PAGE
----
Connecting with Kim Addonizio’s “Insomnia Song”

by Sophia Tone  ·  March 23, 2023
Photo courtesy of Pixabay.

Girlbosses will hate this poem. I am not a girlboss—in fact, I tend to the apathetic side of the spectrum. But I still feel the pressure, especially as a near-college-graduate, to charge forward, to do a happy dance and put on my biggest smile and make things work, though I’m not sure what I’m moving toward or whether I’ll like what I see when I get there. “Insomnia Song,” published in Five Points Vol. 21, No. 3., feels like a deep breath, to me. It feels like meditating, like feeling each piece of clothing while you’re folding the laundry or like thinking about each tooth while you’re brushing them. “Insomnia Song” is a love poem to real, terrifying life, which Addonizio suggests is found in the gap between effort and death. 

The speaker in this poem is obviously down—our hearts, they say, “are decelerating… to a dirge,” and their people “are a drag.” But this poem is not about trying to move past that. It is not the typical journey from sadness to hope. It is about the pleasures of wallowing in one’s fear and in one’s apathy. The speaker is melodramatic but always reasonable: “I prefer to stay here… saying many pointless things… to no one / & in that way go on… not killing myself… or anyone else / like an ugly flower.” They are not going to die—to do so would be to give in to the very spectacle they avoid.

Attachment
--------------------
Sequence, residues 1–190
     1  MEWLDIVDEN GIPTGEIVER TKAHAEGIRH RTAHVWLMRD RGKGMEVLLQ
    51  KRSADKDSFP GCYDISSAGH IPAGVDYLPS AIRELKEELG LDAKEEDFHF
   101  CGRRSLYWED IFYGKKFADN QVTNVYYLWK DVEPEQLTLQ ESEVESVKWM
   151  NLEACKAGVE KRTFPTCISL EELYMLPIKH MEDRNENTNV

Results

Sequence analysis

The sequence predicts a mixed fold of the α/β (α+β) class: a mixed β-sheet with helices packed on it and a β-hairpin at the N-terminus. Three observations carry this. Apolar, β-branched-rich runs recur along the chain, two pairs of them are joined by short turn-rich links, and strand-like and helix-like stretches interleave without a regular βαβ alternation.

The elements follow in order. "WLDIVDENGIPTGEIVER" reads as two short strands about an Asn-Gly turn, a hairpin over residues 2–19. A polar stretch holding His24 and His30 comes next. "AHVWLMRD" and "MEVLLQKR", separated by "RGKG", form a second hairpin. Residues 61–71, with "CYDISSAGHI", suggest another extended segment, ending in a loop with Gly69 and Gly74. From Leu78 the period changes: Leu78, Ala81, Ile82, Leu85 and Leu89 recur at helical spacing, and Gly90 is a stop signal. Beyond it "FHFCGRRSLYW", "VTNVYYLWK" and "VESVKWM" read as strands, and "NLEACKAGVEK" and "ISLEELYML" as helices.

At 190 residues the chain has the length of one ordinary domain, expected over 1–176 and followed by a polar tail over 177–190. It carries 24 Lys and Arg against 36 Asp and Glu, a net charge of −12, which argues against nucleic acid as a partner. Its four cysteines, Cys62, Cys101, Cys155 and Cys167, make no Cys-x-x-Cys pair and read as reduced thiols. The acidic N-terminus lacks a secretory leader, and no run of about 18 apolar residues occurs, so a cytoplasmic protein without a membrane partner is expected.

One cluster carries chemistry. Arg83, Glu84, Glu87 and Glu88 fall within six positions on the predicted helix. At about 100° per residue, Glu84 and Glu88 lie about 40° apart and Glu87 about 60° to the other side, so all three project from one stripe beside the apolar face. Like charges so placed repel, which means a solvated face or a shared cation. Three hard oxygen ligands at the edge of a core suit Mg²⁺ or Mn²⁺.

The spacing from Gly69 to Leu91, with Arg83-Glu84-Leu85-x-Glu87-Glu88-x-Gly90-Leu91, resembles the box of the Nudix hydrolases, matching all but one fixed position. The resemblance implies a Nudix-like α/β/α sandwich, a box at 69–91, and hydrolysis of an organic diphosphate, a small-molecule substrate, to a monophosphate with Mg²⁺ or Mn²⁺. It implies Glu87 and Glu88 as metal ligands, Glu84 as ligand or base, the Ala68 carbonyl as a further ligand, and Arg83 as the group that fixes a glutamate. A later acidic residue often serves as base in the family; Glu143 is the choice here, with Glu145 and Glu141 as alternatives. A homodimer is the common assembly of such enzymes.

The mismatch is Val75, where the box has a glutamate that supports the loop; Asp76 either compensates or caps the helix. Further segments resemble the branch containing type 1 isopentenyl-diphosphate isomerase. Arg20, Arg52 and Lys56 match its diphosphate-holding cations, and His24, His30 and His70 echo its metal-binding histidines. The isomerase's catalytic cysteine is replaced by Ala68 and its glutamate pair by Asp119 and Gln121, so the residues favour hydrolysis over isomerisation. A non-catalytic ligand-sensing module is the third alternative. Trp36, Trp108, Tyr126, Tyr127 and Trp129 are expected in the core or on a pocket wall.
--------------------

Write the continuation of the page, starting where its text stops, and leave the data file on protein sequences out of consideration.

I just love that this poem is not just about how sad someone is but about how to sit in that sadness, how to justify that decision, and how to exist as a perpetually exhausted person in a world obsessed with movement. Addonizio is writing against motivation, which is kind of taboo, and absolutely refreshing. Why try so hard to move past reality? It is reality. 

Some lines in this are almost Beat-esque: early on in the poem, she writes “I like to see a woman lurching down a trash-filled sidewalk, chugging an airline bottle of vodka / & tossing it at my feet…” As in Ginsburg’s “Howl,” the downtrodden are romantic figures, or are at least given the attention we normally give to more subtle, more successful people. I love the nonchalance of it all—the characters are utterly beat, and so is the structure of the poem itself, which is full of long, sighing lines and tired ampersands. 

The tiredness of the poem is what is refreshing about it, for me. Addonizio gives me permission to quit labeling my life and just feel it. As an aspiring poet myself, I’ve been trying to write about the hardest things, a hard task in itself. It’s even more challenging to write about hard things in new ways, without using the language of happiness or sadness. I so admire Addonizio for exploring a new state of feeling, somewhere in the middle of those two timeworn emotions.

Sophia Tone is a senior at Georgia State University working toward a Bachelor’s in English with a concentration in creative writing. She hopes to balance her time after graduation between poetry, fiction-writing, and a career in publishing.